Latin American Market
Who doesn’t like shopping? Latino business owners will be selling their crafts, jewelry, clothes and more at the Latin American Market. This market features a ton of authentic Latino goods such as homemade desserts and food that are hard to find anywhere else. Check out the market on Oct. 3 from 10:30 a.m. to 2:30 p.m. and support Latinos by going to the market to celebrate.
2021 Habla con Orgullo Awards
The VMAs and Emmys are some of the top award ceremonies that just happened this past month. At these popular ceremonies there is an obvious lack of Latino representation. However, the 2021 Habla con Orgullo Awards is another award ceremony that recognizes Austin Latino individuals and organizations. It’s and is coming up on October 13. You can join them in celebrating Latino leaders in Austin outside at Asadas Grill at 5:30 p.m.
Latinos Unidos Networking Mixer
Want to dance to cumbia? Eat Tex-Mex? Enjoy a live DJ? Ray Dovalina and Monica Maldonado along with Austin Latina Bloggers are hosting the Latinos Unidos Networking Mixer. This mixer is for people to connect with others around Austin and celebrate Hispanic Heritage month. While tickets are $20, proceeds will go to Austin non-profits like Thrift-ish and Latinitas, according to the Austin Latina Bloggers flyer. This event will take place at Tamale House on October 14, 2021 from 6 p.m. to 9 p.m. where the Michael Guerra Band will perform live.
Want to learn more about the history and culture of Mexico? Then visit the Mexic-Arte museum. Even though this museum is open year round, a good way to celebrate Hispanic Heritage month is to educate yourself about the different Hispanic cultures. Tickets for adults are $7, but on Sunday’s you get free admissions and tours that allow you access to the entire museum.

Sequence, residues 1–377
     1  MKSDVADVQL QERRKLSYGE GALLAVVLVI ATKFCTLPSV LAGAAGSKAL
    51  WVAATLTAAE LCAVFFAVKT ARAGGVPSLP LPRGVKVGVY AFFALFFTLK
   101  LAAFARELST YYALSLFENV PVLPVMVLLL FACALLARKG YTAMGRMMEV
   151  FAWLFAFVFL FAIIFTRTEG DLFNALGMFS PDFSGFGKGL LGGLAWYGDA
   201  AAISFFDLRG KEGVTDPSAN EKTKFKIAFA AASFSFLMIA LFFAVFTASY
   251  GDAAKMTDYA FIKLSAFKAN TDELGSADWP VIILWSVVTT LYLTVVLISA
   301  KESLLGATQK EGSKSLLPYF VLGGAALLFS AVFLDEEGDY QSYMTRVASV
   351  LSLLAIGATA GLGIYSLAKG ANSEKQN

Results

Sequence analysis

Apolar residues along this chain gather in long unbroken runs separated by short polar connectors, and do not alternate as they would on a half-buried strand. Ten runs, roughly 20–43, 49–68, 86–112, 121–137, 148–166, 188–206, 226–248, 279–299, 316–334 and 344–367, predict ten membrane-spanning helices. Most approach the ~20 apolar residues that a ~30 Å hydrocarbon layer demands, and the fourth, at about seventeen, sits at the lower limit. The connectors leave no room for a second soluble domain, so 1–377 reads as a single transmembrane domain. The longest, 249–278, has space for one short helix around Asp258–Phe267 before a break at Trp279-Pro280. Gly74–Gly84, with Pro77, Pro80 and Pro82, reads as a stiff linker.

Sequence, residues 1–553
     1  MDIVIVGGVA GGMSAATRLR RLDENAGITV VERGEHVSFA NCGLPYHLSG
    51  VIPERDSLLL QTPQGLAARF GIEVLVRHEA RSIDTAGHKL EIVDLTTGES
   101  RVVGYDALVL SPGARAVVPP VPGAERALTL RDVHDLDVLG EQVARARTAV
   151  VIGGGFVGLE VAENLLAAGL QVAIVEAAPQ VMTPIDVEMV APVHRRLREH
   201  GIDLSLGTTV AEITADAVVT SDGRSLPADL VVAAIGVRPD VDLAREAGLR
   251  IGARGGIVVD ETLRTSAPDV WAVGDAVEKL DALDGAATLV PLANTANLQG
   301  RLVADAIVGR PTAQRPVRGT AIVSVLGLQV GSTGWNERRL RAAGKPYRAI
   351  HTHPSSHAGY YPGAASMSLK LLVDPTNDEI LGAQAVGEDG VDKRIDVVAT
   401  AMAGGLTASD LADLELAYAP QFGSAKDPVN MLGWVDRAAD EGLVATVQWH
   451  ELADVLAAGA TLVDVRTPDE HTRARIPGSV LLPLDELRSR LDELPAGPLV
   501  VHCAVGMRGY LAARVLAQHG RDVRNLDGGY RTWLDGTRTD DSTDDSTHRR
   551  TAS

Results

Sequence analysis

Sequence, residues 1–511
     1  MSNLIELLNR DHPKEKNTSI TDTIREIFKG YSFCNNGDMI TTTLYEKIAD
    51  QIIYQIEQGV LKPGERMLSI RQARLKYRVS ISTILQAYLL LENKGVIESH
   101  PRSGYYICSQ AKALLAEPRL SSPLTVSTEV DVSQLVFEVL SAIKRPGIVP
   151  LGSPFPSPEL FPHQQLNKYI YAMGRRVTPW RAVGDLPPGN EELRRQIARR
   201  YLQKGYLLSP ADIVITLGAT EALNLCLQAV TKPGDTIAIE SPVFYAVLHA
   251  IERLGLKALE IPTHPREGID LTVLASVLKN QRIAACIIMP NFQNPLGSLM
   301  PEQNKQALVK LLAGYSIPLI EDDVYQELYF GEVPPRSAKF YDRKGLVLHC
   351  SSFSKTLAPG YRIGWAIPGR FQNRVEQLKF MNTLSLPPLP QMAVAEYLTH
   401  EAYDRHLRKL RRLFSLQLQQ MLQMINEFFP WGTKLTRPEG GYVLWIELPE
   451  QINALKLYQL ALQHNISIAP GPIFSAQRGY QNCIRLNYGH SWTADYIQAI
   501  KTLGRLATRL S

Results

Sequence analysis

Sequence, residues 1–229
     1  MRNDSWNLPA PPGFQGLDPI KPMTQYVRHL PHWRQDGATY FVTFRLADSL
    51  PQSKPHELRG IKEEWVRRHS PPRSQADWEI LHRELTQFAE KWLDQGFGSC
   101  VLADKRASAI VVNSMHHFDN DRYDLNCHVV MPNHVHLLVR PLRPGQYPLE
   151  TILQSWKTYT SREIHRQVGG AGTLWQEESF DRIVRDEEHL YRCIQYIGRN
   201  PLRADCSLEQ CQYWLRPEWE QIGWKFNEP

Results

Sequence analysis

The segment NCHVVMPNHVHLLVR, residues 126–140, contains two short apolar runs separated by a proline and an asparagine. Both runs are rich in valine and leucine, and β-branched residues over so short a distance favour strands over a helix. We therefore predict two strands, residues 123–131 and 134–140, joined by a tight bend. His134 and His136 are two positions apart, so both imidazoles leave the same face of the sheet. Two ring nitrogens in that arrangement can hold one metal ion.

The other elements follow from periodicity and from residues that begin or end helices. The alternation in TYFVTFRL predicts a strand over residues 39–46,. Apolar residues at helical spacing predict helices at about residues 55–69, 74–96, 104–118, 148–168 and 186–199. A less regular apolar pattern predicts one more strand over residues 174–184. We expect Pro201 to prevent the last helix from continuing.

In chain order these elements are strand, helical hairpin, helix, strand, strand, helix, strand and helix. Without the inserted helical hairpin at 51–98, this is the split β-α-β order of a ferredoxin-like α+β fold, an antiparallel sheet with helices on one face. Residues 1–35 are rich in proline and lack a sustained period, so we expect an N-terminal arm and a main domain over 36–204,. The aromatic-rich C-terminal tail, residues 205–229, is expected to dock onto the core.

Still Time to Celebrate
Even though we are halfway through Hispanic Heritage Month, there is still plenty of time to celebrate. Check out some of the events around Austin to learn more about Hispanic culture and show appreciation to local Hispanics and their contributions.
Where you can watch it: Hulu (with subscription), Stars (with subscription), Amazon Prime (with subscription), YouTube (with subscription)
What it’s about: A young boy from Mexico illegally travels to the US to be reunited with his mom, who is also illegally in the US after his grandmother and caregiver passes away. This movie is incredibly heart-wrenching and interspersed with moments of comedy and joy. The characters in this story work hard to have a better life for themselves and their families. Isn’t that what the American Dream is all about?
Where you can watch it: Hulu (with subscription), Amazon Prime (with subscription), YouTube (with subscription)
What it’s about: Two children save their secret agent parents from evil. Okay, hear me out: even though it’s a children’s movie, “Spy Kids” is a hilarious movie with great representation. This movie has a Hispanic director, a mainly Hispanic cast, set in Latin America, and not to mention features the legend that is Machete (Danny Trejo).
Where you can watch it: Amazon Prime (with subscription) and YouTube (with subscription)